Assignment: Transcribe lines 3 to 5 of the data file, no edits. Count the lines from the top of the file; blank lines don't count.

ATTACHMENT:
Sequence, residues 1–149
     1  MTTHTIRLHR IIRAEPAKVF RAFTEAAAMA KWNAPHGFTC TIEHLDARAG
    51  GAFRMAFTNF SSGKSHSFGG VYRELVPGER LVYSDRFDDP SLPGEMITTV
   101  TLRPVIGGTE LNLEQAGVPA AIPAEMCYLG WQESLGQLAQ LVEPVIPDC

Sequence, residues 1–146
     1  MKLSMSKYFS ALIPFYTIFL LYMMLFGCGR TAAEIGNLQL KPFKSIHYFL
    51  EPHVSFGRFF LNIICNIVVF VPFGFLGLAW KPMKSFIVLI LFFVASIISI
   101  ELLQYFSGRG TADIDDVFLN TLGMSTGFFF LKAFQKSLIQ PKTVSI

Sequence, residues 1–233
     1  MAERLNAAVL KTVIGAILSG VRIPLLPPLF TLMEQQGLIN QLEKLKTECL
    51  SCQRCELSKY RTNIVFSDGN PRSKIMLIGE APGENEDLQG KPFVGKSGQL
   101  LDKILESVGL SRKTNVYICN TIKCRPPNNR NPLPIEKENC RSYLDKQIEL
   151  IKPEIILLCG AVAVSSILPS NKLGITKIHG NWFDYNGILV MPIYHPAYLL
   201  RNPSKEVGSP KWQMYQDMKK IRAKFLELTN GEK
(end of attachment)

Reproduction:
    51  GAFRMAFTNF SSGKSHSFGG VYRELVPGER LVYSDRFDDP SLPGEMITTV
   101  TLRPVIGGTE LNLEQAGVPA AIPAEMCYLG WQESLGQLAQ LVEPVIPDC

Sequence, residues 1–146